Skyworks Solutions Inc (NASDAQ: SWKS) designs analog semiconductors that power wireless connectivity in a number of different devices like smartphones, wearables, and smart-home systems. Given the proliferation of the Internet of Things (IoT) and smartphone connectivity, this has been a good business to be in the past few years.
Shareholders certainly have nothing to complain about this year. Shares are up 28% year to date, easily outpacing the S&P 500's returns by double digits. That being said, shares have dropped by almost 18% since the company reported its fourth-quarter and fiscal-year 2017 results in early November.
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When a company's stock drops precipitously shortly after earnings are reported, it's healthy for investors to ask what caused the tumble. Sometimes it might represent legitimately bad news indicating that an investor's original thesis for investing in a stock is busted. If this is the case, it might be best for even long-term, buy-and-hold investors to sell. However, it can also be a case of a short-term obsessed market losing sight of the big picture. In the case of Skyworks Solutions, I firmly believe it is the case of the latter and that the recent drop represents a buying opportunity.
A closer look at the numbers
A close look at Skyworks' quarter doesn't find too much wrong. The company delivered record revenues of $984.6 million, an 18% increase year over year. Net income came in at $281.3 million, a 14% increase year over year. If the numbers were so bad, maybe the company's guidance was bad? Hardly. The company is calling for revenue to be up 15% to $1.5 billion and non-GAAP earnings per share to rise 19% to $1.91 next quarter.
The company's valuation also appears reasonable. Using Skyworks' full fiscal year non-GAAP EPS of $6.45, the stock is selling at a relatively cheap price-to-earnings ratio of 14.9; even using the company's GAAP EPS of $5.41, the P/E ratio is only 17.8.
The company's balance sheet is nearly pristine: It ended the year with a cash balance of $1.6 billion and no long-term debt. While Skyworks' balance sheet is clean, the valuation is reasonable, and the company is growing revenue and earnings at solid rates, what really makes the story compelling is Skyworks' positioning in two major macro trends.
The jump to 5G
Lest there be any doubt, 5G wireless networks are coming. In late November, Verizon Communications Inc (NYSE: VZ) announced it would be rolling out the next generation in wireless networks in three to five domestic markets next year, beginning with Sacramento, California.
The benefits of 5G networks will be incredible. During the company's fourth-quarter conference call, CEO Liam Griffin said 5G networks would provide a "significant boost in speed" and that 5G could be up to 100 times faster than 4G networks. Why does this matter to Skyworks investors? Because the chips Skyworks makes for 5G connectivity cost more and are more profitable than the chips for lesser network speeds. In the conference call, transcribed by S&P Global Market Intelligence, Griffin said:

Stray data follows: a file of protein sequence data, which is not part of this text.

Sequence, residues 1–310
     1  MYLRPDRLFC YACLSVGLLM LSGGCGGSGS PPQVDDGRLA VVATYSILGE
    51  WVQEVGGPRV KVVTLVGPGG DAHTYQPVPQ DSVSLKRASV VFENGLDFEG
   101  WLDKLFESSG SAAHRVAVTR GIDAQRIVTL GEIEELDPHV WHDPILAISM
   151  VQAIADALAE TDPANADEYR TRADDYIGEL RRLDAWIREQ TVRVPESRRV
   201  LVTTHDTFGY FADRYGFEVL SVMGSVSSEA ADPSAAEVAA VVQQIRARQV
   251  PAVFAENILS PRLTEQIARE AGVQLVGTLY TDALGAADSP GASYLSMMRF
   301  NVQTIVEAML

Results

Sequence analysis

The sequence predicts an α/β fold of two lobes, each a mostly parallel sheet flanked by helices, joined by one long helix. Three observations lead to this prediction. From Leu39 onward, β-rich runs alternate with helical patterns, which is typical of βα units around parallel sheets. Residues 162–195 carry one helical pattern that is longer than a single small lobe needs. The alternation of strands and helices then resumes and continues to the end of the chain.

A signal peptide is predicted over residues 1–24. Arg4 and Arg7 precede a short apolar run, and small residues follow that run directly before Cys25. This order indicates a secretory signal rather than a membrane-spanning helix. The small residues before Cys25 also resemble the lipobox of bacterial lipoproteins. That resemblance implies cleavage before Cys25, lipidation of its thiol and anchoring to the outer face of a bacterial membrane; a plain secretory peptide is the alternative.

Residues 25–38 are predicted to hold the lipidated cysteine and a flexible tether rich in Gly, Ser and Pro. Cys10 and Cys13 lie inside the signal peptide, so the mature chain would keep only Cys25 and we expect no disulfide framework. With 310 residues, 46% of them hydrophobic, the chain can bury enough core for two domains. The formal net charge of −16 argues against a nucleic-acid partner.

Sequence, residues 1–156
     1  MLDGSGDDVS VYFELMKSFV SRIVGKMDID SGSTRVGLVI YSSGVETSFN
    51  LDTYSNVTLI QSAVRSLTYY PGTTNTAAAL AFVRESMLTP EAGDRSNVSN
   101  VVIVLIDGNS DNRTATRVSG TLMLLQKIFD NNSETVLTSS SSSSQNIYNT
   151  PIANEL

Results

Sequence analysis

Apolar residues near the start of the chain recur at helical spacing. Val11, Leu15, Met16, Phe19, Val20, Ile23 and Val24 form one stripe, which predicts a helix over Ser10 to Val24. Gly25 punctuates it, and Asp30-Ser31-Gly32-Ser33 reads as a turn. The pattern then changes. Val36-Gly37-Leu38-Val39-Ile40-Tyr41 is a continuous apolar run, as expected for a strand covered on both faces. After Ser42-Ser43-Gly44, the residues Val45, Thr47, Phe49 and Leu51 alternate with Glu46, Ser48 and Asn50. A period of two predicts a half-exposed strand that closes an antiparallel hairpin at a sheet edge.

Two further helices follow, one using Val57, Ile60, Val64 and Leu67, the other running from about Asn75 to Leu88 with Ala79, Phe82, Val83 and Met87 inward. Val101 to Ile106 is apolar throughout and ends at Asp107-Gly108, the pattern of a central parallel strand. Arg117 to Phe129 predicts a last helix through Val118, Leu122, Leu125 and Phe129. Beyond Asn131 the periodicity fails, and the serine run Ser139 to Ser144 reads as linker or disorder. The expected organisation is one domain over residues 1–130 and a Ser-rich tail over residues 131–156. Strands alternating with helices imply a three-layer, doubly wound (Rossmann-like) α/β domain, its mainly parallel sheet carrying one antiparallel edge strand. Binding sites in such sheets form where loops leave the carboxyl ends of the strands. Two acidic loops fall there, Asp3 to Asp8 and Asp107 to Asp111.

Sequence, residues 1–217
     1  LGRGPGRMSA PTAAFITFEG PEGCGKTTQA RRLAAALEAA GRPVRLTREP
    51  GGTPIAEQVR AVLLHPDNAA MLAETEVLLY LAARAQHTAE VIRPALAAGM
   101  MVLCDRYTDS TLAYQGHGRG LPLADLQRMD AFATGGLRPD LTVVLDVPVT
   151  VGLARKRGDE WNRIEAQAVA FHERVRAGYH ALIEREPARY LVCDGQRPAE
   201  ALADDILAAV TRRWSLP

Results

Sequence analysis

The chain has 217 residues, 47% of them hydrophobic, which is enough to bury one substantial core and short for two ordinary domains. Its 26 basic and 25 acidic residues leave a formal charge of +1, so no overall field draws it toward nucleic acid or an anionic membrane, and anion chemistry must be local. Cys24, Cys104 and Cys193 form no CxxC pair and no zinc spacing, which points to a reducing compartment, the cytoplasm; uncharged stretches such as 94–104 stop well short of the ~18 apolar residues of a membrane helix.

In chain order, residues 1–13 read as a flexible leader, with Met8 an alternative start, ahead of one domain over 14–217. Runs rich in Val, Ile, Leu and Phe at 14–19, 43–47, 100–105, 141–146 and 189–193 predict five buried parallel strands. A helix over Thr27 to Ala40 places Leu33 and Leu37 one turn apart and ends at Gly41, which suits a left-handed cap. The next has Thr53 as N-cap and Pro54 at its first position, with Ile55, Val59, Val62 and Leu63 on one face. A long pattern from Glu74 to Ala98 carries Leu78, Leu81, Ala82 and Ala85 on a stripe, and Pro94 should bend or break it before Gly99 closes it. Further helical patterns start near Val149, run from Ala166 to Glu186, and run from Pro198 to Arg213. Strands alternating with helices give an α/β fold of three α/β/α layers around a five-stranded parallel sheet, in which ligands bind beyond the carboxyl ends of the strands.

The IoT explosion
There are more connected devices than ever before. Everything from cars and watches to refrigerators and thermostats can be connected these days. Studies back up this observation. Research firm IDC believes total worldwide spending on IoT will increase from $800 billion this year to almost $1.4 trillion in 2021. Business Insider believes there will be 24 billion connected devices by 2020. On the conference call, Griffin said this number could be as high as 75 billion devices by 2025. He also said mobile data usage is expected to increase five times by 2021.
Few companies are better situated to capitalize on this undeniable trend than Skyworks. As Griffin pointed out, " ... by definition, these applications would not be possible without fast, secure, power-efficient connectivity solutions provided by Skyworks." Later he added that there's going to be a "massive upgrade cycle in the IoT space as well" with the onset of 5G.
Time to get greedy
In the short term, the company continues to trade on Apple rumors and speculation, because the smartphone maker is such a huge customer of Skyworks' products. For instance, when news leaks that an Apple supplier factory manager's nephew's former college roommate said they heard that the iPhone X wasn't going to be as big of a supercycle as previously thought, Skyworks shares will often dip that day. But, in the long term, investors need to realize that Skyworks Solutions is going for a reasonable valuation while poised to capitalize on some of the greatest industrial trends in the world today. In today's market, that is about as a good of an investment as you're going to find.
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Matthew Cochrane owns shares of Skyworks Solutions and Verizon Communications. The Motley Fool owns shares of and recommends Apple, Skyworks Solutions, and Verizon Communications. The Motley Fool has the following options: long January 2020 $150 calls on Apple, short January 2020 $155 calls on Apple, and short January 2018 $105 calls on Skyworks Solutions. The Motley Fool has a disclosure policy.